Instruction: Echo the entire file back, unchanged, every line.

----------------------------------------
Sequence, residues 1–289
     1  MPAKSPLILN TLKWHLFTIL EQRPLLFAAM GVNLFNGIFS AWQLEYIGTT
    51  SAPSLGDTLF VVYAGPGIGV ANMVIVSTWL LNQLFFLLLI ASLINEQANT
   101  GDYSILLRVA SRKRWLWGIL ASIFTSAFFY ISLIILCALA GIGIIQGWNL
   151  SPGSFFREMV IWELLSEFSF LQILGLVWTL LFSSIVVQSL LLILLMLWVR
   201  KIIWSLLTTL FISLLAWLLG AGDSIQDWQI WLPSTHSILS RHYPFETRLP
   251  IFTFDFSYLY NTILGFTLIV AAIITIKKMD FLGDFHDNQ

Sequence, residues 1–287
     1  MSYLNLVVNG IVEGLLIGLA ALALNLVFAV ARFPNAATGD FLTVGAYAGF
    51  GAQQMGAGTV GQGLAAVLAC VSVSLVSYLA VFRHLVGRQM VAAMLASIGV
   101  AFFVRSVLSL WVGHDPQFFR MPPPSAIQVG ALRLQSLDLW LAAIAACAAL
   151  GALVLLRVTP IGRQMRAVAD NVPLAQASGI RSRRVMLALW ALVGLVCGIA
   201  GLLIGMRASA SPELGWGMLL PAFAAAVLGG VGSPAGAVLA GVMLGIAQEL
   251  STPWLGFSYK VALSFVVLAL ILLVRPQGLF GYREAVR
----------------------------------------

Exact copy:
Sequence, residues 1–289
     1  MPAKSPLILN TLKWHLFTIL EQRPLLFAAM GVNLFNGIFS AWQLEYIGTT
    51  SAPSLGDTLF VVYAGPGIGV ANMVIVSTWL LNQLFFLLLI ASLINEQANT
   101  GDYSILLRVA SRKRWLWGIL ASIFTSAFFY ISLIILCALA GIGIIQGWNL
   151  SPGSFFREMV IWELLSEFSF LQILGLVWTL LFSSIVVQSL LLILLMLWVR
   201  KIIWSLLTTL FISLLAWLLG AGDSIQDWQI WLPSTHSILS RHYPFETRLP
   251  IFTFDFSYLY NTILGFTLIV AAIITIKKMD FLGDFHDNQ

Sequence, residues 1–287
     1  MSYLNLVVNG IVEGLLIGLA ALALNLVFAV ARFPNAATGD FLTVGAYAGF
    51  GAQQMGAGTV GQGLAAVLAC VSVSLVSYLA VFRHLVGRQM VAAMLASIGV
   101  AFFVRSVLSL WVGHDPQFFR MPPPSAIQVG ALRLQSLDLW LAAIAACAAL
   151  GALVLLRVTP IGRQMRAVAD NVPLAQASGI RSRRVMLALW ALVGLVCGIA
   201  GLLIGMRASA SPELGWGMLL PAFAAAVLGG VGSPAGAVLA GVMLGIAQEL
   251  STPWLGFSYK VALSFVVLAL ILLVRPQGLF GYREAVR